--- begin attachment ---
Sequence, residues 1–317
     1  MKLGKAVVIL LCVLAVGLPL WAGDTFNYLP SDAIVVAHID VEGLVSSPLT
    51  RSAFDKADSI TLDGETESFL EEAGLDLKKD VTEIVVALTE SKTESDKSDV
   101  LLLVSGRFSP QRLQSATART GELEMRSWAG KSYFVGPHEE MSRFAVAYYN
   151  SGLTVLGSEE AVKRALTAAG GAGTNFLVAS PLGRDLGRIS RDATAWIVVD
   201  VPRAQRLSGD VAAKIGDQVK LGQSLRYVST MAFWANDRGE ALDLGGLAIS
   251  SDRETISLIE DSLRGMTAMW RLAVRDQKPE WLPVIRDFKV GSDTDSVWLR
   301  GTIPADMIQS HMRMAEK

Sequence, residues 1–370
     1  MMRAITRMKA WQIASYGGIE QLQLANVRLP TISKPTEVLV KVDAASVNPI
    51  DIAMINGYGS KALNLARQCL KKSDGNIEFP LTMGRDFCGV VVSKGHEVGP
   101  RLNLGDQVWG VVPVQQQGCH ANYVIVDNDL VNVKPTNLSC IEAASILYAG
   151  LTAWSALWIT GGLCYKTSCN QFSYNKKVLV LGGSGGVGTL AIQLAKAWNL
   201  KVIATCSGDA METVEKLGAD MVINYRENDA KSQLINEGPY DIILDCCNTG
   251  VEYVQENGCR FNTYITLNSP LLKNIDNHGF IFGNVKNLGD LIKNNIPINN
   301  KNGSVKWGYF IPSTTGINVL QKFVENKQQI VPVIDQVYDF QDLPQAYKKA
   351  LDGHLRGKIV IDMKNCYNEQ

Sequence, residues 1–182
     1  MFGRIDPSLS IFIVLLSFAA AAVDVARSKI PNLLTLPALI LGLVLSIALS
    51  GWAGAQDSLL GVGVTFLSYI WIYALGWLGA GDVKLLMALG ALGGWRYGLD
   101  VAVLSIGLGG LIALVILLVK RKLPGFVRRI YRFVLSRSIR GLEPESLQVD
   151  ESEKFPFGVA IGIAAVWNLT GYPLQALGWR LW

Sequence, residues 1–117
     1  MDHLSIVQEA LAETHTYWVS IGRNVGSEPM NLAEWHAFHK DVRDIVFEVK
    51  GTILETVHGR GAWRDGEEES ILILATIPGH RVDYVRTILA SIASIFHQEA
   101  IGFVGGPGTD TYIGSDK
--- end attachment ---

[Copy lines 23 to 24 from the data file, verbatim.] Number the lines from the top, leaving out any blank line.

Sequence, residues 1–117
     1  MDHLSIVQEA LAETHTYWVS IGRNVGSEPM NLAEWHAFHK DVRDIVFEVK